13. The aim of an MDIS is to improve the safety and standards of medical devices, by ensuring better information can be captured and shared on implanted devices, in order to identify risks of specific devices early. By improving the data available on medical devices as part of post-market surveillance, the MHRA will be better able to take action earlier and more effectively as part of their regulation of devices on the UK market. It would mean in the event of a recall, it would be possible to identify which specific device has been implanted into a patient.
14. However in designing the information system, consideration needs to be given to ensure it reflects the needs of UK patients and the interests of Northern Ireland and the other Devolved Administrations. It is important to ensure that the regulations to be developed to implement the information system take account of the governance arrangements around medical devices and patient safety in Northern Ireland, and in response to concerns raised by the Devolved Administrations on this point, an amendment is being tabled at Lord's Report Stage. When making regulations under clause 16, under this amendment (made under clause 41 - consultation), the Secretary of State is required to consult Scottish Ministers, Welsh Ministers and the Department of Health in Northern Ireland.
15. In addition to the amendment made under clause 41 that has been listed to be tabled by the UK government [to require that the Secretary of State consults Scottish Ministers, Welsh Ministers and the Department of Health in Northern Ireland when making regulations under clause 16], there is also a separate non-legislative commitment from the Department of Health and Social Care to ongoing discussions on the MDIS governance arrangements and other operational details that will ensure that the Department of Health in NI is engaged in MDIS policy and operational discussions and the development of draft regulations.
16. In order that the UK, and in particular the regulators [namely the Medicines Healthcare products and Regulatory Agency (MHRA) and the Veterinary Medicines Directorate] can continue to work with international partners to ensure the safety of medicines in the UK, there is a need to strengthen the legal basis for sharing information internationally. This would be in the form of a statutory information-gateway inserted into the Bill to ensure that vital information can be shared with bodies outside the UK, such as overseas regulators, in pursuance of international agreements and arrangements. An essential amendment on information sharing will therefore be tabled by the UK government during Lord's Committee Stage.
17. The Delegated Powers and Regulatory Reform Committee (DPRRP) in the House of Lords has raised concerns in relation to the scrutiny and oversight of the use of the delegated powers contained in the Bill. In response to this the government has listed a number of amendments to be tabled during Lord's Committee Stage to address these concerns and they will change the way in which the regulation making powers at clauses 1 (human medicines) and 8 (veterinary medicines) can be exercised.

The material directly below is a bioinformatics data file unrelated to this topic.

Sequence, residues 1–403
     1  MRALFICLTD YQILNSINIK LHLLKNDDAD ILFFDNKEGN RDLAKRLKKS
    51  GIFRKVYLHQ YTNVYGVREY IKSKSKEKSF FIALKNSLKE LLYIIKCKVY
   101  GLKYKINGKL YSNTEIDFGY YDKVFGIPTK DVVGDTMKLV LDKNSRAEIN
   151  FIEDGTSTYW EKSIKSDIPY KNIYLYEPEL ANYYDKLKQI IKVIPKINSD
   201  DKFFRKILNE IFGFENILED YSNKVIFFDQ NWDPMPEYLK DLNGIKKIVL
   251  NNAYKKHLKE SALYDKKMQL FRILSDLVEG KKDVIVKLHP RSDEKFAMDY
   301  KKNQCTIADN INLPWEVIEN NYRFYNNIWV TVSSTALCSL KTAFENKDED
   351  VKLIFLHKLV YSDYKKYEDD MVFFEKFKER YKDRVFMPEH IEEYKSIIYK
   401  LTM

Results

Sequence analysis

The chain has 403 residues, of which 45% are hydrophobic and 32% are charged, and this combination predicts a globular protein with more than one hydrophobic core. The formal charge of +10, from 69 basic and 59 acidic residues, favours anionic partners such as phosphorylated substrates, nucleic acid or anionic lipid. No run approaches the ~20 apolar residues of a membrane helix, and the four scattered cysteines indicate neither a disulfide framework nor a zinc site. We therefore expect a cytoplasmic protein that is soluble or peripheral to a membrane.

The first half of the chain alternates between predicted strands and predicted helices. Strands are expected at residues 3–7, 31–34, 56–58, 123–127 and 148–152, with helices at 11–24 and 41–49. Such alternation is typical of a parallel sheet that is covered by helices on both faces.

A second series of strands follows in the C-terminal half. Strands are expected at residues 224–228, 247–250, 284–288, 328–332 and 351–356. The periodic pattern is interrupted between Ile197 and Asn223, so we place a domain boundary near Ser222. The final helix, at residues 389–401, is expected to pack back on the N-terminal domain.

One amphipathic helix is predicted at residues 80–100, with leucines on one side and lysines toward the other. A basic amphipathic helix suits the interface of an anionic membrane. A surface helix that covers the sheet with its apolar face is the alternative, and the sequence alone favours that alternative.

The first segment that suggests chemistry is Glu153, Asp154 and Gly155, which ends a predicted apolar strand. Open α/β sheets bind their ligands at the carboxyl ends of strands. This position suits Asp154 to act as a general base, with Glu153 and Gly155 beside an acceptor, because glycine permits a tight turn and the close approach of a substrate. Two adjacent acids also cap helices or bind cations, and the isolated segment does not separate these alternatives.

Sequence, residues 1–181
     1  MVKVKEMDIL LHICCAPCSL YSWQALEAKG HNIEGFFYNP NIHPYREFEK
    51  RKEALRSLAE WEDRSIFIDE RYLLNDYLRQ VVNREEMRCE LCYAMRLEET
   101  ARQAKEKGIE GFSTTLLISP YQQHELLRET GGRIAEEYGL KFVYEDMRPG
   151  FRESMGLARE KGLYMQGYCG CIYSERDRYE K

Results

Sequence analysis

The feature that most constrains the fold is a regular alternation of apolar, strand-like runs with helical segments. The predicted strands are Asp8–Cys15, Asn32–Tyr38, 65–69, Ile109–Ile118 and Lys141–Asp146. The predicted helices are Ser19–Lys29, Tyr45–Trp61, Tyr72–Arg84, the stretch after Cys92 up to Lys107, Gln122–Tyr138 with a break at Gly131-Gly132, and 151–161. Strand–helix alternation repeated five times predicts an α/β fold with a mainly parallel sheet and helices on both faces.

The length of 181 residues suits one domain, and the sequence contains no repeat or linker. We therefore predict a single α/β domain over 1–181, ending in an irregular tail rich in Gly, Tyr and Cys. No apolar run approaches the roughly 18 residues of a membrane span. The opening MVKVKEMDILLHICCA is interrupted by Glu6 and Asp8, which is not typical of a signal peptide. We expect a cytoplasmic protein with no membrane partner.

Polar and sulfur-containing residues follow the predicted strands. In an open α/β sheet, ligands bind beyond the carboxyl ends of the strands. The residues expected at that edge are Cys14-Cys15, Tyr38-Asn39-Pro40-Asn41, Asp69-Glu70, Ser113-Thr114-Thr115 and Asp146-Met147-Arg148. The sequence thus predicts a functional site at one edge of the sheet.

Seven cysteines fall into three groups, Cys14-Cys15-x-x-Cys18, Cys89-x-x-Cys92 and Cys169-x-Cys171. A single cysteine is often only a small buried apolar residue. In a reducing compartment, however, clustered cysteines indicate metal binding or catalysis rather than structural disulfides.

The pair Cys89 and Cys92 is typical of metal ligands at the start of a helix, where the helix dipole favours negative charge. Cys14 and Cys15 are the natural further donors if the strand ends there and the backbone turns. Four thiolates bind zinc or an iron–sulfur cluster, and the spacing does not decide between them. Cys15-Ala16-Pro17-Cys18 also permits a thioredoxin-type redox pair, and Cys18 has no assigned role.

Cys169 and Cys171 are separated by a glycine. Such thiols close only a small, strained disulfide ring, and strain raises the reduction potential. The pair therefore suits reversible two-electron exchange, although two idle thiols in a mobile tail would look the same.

18. In order to address a concern that the Bill provided Ministers with too much discretion in how the powers are exercised, an amendment will be tabled to provide for a reporting obligation on the Secretary of State, that would consider the operation of regulations made under clauses 1, 8 and 12 within the (once in two years) reporting period, setting out the views of those who have been consulted, and whether change has been made as a result of consultation, including a look ahead at further proposed regulatory change known at the time within the forthcoming reporting period. It is proposed a separate report will be taken forward by the NI Departments in respect of regulations made only by NI Departments and this will be laid before the NI Assembly.
19. Concerns have also been raised about the use of the negative procedure in relation to regulations made under clauses 1 and 8, and in particular those relying on clauses 2(1)(n) and 9(1)(f) (persons who may supply medicines and related prohibitions). It is intended to amend clause 42 of the Bill to apply the draft affirmative procedure in Westminster, and in the Northern Ireland Assembly, to all regulations made under clauses 1 and 8, except for those solely relating to fees and any urgent regulations made relying on clause 6. It is also intended to amend clause 42 of the Bill so that urgent regulations relying on clause 6 are subject to the made affirmative procedure. This is similar to the confirmatory procedure in the Northern Ireland Assembly, whereby regulations are laid after being made and cease to have effect unless they are approved within a specified time period. It is proposed this time period will be 40 days.
20. Another matter on which there has been considerable debate prior to the Lord's Committee Stage has been the application of the three considerations that the appropriate authority must have regard to and how these considerations are weighted when making regulations under clauses 1 and 8 (and 12). In order to respond specifically to concern about the absence of a definition of 'attractiveness' of the UK it is intended to clarify that this is a consideration of the likelihood of the relevant part of the United Kingdom being seen as an attractive or favourable place in which to supply and conduct clinical trials for human medicines and develop and supply veterinary medicines. The amendment to be tabled seeks to clarify the intent in this regard.